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In Little Rock, a bronze statue was unveiled at the Arkansas State Capitol causing the attention of about 150 Satanists, atheists and Christians. The statue, in the image of a goat-headed, winged creature named Baphomet was revealed during a rally to call for the removal of a Ten Commandments monument already mounted on Capitol grounds.

About 150 Satanists, atheists and Christians attended the First Amendment rally Thursday. The Satanic Temple says the Ten Commandments monument violates constitutional freedom of religion rights and that the installation of their 7 ½-foot-tall (2.3-meter-tall) statue showing the 14th century idol seated and accompanied by smiling children would demonstrate religious tolerance.

"If you're going to have one religious monument up then it should be open to others, and if you don't agree with that then let's just not have any at all," said Satanic Arkansas cofounder Ivy Forrester, a rally organizer.
The statue can not be installed and was removed after the Oklahoma Supreme Court ruled the Ten Commandments monument was also unconstitutional. There was a significant police presence during the course of the rally, however, protests during the event were peaceful in nature.

This rally, and other events such as the construction of the Arch of Triumph in New York City serve as reminders of what the Bible says about events that must come to pass before Jesus Christ is to return. People will continue turning their attention to false idols and call that which is bad good, and call that which is good bad.

These are uncertain times and call for Christians around the world to unite in prayer and commitment to following Biblical principles. Believers in Christ are called in spirit to set good examples for those who are lost and in need of a savior.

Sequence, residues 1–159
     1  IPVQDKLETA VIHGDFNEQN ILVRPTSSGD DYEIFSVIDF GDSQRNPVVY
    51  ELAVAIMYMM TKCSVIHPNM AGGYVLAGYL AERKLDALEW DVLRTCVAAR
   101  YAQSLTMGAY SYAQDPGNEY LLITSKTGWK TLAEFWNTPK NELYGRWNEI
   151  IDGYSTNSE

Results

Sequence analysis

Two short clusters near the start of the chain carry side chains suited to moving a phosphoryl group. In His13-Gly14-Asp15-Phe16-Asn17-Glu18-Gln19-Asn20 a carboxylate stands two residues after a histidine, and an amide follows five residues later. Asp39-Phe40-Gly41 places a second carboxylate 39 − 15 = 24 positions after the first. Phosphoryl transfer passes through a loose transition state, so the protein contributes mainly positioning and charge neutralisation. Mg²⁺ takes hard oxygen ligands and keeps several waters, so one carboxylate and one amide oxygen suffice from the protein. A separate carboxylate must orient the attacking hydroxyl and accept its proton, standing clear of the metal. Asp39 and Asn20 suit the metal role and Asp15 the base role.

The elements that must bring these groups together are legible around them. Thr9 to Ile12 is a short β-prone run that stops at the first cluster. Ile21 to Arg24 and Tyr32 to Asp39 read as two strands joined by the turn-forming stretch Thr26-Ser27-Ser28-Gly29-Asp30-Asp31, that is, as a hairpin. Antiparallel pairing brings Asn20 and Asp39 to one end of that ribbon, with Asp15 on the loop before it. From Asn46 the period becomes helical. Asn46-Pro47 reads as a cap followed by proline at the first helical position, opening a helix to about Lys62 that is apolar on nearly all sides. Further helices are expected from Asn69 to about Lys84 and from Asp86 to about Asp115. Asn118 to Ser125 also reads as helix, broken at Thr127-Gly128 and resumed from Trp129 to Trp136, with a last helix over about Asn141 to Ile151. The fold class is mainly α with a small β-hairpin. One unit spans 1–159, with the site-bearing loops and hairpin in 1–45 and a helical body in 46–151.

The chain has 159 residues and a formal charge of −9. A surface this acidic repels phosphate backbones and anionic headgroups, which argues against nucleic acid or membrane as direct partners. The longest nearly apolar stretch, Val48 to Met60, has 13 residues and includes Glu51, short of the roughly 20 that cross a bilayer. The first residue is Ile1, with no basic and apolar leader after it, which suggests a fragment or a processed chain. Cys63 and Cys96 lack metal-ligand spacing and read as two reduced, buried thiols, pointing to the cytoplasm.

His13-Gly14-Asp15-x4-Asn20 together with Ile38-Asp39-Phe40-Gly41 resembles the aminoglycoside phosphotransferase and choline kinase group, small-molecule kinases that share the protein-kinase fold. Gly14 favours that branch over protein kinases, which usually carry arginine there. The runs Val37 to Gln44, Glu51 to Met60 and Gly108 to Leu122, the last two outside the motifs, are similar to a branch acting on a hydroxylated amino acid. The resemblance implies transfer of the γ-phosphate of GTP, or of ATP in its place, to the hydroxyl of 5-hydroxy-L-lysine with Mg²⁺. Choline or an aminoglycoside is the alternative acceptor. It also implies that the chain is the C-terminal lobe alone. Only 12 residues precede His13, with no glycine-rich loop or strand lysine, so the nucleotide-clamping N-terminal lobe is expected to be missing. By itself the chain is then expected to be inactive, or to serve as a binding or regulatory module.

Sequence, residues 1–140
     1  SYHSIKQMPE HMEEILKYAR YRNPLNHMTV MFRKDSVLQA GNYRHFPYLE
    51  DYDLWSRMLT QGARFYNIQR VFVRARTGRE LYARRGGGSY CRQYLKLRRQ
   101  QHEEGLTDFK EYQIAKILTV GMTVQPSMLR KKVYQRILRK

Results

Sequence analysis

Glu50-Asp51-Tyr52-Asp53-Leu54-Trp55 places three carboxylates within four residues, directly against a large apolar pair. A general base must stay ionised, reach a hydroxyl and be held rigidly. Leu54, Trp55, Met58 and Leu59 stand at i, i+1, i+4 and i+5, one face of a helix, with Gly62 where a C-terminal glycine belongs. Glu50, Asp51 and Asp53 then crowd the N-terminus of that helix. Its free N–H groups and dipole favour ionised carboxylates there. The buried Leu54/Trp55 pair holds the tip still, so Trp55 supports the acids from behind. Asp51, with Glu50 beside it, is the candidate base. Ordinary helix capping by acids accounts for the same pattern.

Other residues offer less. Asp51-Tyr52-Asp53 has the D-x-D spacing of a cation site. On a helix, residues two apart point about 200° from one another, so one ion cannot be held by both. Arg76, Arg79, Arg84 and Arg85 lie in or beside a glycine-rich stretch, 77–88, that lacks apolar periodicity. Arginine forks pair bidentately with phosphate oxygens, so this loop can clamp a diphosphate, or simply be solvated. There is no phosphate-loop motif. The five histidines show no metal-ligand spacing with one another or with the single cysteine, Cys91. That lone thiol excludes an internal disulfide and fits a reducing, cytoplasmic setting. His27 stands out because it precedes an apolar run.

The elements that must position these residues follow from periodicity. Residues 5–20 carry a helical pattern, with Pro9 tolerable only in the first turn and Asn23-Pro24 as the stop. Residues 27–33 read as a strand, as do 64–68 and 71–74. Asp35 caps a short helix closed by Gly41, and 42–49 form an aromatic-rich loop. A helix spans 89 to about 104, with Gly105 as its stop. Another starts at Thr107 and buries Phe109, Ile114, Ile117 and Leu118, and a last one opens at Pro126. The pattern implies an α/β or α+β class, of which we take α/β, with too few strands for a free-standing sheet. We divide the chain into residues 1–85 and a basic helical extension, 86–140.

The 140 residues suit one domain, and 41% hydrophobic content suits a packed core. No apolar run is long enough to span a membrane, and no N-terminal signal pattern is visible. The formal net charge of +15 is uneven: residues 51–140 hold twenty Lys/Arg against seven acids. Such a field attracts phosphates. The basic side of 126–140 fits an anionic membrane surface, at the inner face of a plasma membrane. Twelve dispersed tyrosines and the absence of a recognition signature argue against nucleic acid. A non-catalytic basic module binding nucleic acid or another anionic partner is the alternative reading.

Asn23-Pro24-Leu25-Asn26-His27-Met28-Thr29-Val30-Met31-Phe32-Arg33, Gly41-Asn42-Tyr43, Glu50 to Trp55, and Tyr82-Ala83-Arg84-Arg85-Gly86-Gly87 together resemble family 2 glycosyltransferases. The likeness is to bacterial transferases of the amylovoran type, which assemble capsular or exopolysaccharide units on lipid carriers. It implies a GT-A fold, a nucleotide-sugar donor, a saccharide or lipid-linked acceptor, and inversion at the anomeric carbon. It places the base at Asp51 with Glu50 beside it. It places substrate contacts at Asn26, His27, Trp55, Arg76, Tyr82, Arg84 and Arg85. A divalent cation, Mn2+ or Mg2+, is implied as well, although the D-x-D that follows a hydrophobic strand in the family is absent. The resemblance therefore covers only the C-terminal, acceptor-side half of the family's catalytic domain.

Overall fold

If you have more information about the Static Temple or the statue of Baphomet, please signup and start posting in our Christian forums today.

Source: Fox News

At least eight people are dead after a driver barreled into a bike path and crashed a rental pickup truck into a crowd in Lower Manhattan Tuesday afternoon, shouting "Allahu Akbar," law enforcement sources tell Fox News and The Associated Press.

Another 11 people were injuried, officials said. The 29-year-old driver was shot by police after he jumped out of his Home Depot rental truck carrying what turned out to be two fake handguns.

The NYPD is responding to reports of a shooting in Lower Manhattan Tuesday, a few blocks from the World Trade Center Memorial. (New York Police Department)
Mayor Bill de Blasio, speaking at a press conference Tuesday evening, called the incident "an act of terror." Governor Andrew Cuomo said that at this point in the investigation, there is no evidence to suggest that there was a wider plot.

Source: Fox News

As the UN General Assembly started in New York, during which hundreds of diplomatic and political dignitaries gather for a week-long discussion on key global issues such as terrorism, a reproduction of the Roman Triumphal Arch of Palmyra, a 2,000-year-old structure in Syria that was destroyed by Isis last year, was unveiled on Monday at City Hall Park in New York.

The rebuilding of the arch, given the climate in the city following the explosion of homemade terrorist bombs in Manhattan and New Jersey on Saturday, “references the value of things like democracy”, says Dr Alexy Karenowska, the director of technology of the Institute of Digital Archaeology, which helped create the replica. It also helps draw connections between cultures. “The arch frames City Hall very beautifully, where the classical architecture of the structures very much mirror one another and shows a great link between Eastern and Western cultural reach,” Karenowska adds.

Source: The Art Newspaper

NEXT month, the Temple of Baal will come to Times Square. Reproductions of the 50-foot arch that formed the temple’s entrance are to be installed in New York and in London, a tribute to the 2,000-year-old structure that the Islamic State destroyed last year in the Syrian town of Palmyra. The group’s rampage through Palmyra, a city that reached its peak in the second and third century A.D., enraged the world, spurring scholars and conservationists into action. Numerous nongovernmental organizations are now cataloging and mapping damaged cultural heritage sites in the region.

Source: The American Dream, New York Times